Boris Johnson has always displayed self belief. This reached a new peak when he claimed he wanted to move on from Partygate after a 'decisive' confidence vote.

Decisive it certainly was, in that it was the worst in memory for any Conservative party leader – suggesting the only viable 'moving on' option would be under a new leader.

However while those with an interest in their party rather than themselves might have made that decision, Johnson will never show humility. Instead, like a desperate gambler with a hopeless hand, he will try to reinvent his government to bring back the days when he was being lauded by the party faithful for delivering Brexit.

A big question is whether there just might be something in this for farmers. The farming lobby has been eclipsed under Johnson, who sees farming and food as industries of the past. That stance continues despite the food crisis, but if Johnson is to show Conservative credentials, he needs to see green outcomes as a by-product of farming and not as the reason for its existence.

Interestingly, on the rebel MPs he must convince to have a future, commentators said there were two groups – the red wall Conservatives who took safe Labour seats in the general election because of Brexit, and what were dubbed 'red trouser' Tories.

This is a reference to a group all but forgotten under Johnson – these are the MPs that represent once rock solid shire counties where agriculture remains an important issue. Pleasing them might change who Johnson views as potential allies – and they are more likely to come from rural areas and farming than from green pressure groups.

Despite Johnson's enthusiasm for their ideas, the green lobby remains hostile to his party. He may not be able to see it, but they are having the last laugh – getting all they want without having to show any political support. By contrast, those who were its traditional backers are being ignored.

The suggestion now is that the government will find ways to offer tax cuts, but to do this it needs to stop spending. That is something Johnson finds impossible. His problem remains that he is a leader who wants to be liked and admired, but with lies, half truths and Partygate that ship has sailed. Great political leaders may be admired but they are not always liked.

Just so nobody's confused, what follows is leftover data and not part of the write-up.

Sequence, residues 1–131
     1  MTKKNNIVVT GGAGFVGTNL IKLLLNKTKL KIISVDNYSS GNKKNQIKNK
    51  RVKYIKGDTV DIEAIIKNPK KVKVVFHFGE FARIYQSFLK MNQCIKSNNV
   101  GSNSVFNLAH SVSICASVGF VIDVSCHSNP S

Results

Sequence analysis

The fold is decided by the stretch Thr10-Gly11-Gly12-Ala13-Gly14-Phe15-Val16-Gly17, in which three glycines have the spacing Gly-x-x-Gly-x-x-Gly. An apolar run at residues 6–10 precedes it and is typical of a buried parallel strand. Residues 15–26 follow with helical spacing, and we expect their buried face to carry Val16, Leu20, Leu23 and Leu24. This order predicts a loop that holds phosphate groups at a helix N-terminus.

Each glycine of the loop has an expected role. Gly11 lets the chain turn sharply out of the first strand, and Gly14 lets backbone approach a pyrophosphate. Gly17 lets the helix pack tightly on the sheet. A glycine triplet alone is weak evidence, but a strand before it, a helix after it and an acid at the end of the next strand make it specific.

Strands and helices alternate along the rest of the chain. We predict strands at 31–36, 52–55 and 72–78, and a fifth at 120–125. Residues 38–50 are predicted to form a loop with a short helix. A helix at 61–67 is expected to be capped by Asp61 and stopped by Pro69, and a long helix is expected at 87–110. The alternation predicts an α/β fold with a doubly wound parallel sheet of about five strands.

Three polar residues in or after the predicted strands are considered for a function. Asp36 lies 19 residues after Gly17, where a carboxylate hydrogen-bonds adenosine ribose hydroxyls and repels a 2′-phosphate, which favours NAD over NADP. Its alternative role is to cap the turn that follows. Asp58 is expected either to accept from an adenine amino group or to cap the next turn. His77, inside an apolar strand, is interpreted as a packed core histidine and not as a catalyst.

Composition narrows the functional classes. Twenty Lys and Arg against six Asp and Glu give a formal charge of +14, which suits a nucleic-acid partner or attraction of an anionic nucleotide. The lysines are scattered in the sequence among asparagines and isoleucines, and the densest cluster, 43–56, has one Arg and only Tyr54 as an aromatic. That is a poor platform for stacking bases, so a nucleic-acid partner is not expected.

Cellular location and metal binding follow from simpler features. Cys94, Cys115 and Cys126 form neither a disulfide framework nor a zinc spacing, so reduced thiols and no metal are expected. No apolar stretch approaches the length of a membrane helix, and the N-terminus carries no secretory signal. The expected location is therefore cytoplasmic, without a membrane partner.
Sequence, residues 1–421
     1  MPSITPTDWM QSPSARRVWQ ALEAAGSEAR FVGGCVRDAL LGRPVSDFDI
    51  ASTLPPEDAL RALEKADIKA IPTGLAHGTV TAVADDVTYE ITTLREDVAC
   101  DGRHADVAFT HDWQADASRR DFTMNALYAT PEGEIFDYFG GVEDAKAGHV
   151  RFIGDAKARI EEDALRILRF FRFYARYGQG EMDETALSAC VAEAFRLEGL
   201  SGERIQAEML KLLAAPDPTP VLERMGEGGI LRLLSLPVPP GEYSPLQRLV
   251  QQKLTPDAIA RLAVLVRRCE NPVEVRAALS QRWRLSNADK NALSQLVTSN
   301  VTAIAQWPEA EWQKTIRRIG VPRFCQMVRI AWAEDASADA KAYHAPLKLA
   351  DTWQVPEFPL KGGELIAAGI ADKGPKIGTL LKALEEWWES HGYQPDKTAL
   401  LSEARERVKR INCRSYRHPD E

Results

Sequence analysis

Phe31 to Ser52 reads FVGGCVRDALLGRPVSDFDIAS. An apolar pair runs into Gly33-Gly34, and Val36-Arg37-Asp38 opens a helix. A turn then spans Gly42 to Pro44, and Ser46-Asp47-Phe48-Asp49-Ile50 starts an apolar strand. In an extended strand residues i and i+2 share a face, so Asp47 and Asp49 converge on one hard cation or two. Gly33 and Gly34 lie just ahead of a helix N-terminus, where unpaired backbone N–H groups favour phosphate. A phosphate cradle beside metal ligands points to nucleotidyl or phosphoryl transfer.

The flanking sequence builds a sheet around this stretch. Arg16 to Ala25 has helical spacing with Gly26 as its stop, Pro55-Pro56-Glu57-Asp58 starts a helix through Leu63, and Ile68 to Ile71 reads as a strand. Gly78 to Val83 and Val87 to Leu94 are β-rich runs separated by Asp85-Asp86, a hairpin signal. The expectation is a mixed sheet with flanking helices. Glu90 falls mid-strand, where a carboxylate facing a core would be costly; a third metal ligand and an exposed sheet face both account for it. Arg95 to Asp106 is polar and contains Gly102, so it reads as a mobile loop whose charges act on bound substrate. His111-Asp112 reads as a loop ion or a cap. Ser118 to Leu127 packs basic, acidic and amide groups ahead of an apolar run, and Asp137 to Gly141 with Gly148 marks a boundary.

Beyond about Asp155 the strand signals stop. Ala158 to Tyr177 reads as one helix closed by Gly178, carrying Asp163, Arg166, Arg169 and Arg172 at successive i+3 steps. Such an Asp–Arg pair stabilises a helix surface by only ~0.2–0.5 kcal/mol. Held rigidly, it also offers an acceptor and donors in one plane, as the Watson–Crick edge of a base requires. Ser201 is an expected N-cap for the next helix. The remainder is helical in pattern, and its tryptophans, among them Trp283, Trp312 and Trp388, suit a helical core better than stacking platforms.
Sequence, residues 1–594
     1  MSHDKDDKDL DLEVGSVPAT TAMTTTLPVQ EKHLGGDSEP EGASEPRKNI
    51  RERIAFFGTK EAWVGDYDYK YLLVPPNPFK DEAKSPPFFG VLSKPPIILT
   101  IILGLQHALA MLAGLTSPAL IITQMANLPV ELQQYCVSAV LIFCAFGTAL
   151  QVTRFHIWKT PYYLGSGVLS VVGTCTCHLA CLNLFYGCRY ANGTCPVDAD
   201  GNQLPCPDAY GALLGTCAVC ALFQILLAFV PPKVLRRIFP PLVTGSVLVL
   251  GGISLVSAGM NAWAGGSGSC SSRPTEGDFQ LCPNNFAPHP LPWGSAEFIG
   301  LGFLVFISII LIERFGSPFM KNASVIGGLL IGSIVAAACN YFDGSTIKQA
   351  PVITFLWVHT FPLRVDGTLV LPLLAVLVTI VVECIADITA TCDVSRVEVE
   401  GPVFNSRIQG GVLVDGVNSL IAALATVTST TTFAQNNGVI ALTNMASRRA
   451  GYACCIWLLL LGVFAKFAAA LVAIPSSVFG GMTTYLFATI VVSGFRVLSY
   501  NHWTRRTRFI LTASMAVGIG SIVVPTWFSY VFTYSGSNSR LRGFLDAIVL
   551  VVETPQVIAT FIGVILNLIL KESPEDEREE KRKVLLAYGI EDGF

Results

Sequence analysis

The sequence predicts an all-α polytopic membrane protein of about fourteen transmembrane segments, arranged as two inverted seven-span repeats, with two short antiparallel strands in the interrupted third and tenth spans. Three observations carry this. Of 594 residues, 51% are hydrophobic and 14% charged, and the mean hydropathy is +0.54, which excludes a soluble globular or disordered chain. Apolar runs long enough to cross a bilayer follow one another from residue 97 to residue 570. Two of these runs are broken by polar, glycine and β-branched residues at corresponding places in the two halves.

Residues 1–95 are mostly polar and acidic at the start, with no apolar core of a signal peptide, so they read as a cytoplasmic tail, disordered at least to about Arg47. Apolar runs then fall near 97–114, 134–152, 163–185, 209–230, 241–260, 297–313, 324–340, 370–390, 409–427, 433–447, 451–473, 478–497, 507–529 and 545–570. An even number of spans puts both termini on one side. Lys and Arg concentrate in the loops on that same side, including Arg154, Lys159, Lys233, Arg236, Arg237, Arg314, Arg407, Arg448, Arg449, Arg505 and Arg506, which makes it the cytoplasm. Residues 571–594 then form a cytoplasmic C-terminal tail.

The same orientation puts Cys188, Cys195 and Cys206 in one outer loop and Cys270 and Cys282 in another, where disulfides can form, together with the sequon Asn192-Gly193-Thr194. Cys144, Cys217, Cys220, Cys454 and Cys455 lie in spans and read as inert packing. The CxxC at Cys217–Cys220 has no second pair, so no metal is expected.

In the war of words over Ukraine, credit this week must go to the European Council president, Charles Michel, who caused a walk out by the Russian ambassador to the United Nations. That happened because he, rightly, accused Russia of using food as a 'stealth missile' aimed at developing countries that can no longer afford to access the food they need.

That the EU position caused such offence to Moscow is evidence it is taken seriously as a global power bloc. That it has steered away, at a massive cost, from reliance on Russian energy is evidence that it is willing to take a moral stand. This is a significant sacrifice for many of its 27 member states, but its moral compass is not in doubt.

Despite the cost of this stance, the EU economy is faring reasonably well. It has a good grasp of what it needs to do to maintain food supplies and achieve greater long term food security; its food exports remain strong, and after a blip it is again opening up its balance of trade gap between imports and exports. Its economic growth prospects are more assured than the UK.

This makes it a bad time for the UK to try to reawaken Brexit enthusiasm by confronting the EU over the Northern Ireland protocol, much as it needs to be changed. That has to happen via diplomacy and not through legislation to make a lame duck prime minister, who should have resigned, appear strong.

Johnson is risking tougher controls on UK exports to the EU, when the UK is at least a year away from being able to introduce parallel customs checks on EU imports. He is risking this when wanting to cut taxes, despite Organisation for Economic Cooperation and Development figures this week showing that, Russia apart, the UK is the only major economy for which the economic growth forecast for 2023 is zero.

That is neither a good platform for tax cuts or for a trade war with Europe over a deal the UK signed, knowing it would create a border down the Irish Sea.